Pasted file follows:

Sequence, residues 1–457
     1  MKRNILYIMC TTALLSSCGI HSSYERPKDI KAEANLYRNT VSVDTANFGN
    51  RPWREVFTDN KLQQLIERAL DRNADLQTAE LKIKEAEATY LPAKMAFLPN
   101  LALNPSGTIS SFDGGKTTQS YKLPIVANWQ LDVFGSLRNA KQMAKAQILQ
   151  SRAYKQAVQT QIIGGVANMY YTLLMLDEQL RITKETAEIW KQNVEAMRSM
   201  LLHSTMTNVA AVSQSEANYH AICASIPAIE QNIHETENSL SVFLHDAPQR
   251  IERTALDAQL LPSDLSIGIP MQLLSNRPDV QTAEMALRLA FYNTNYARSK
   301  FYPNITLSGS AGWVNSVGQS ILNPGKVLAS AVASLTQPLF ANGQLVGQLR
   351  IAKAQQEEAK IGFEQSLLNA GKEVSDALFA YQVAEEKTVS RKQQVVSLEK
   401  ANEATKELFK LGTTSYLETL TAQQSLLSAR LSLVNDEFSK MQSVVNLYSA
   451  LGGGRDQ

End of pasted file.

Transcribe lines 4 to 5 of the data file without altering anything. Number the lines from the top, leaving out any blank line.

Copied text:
   101  LALNPSGTIS SFDGGKTTQS YKLPIVANWQ LDVFGSLRNA KQMAKAQILQ
   151  SRAYKQAVQT QIIGGVANMY YTLLMLDEQL RITKETAEIW KQNVEAMRSM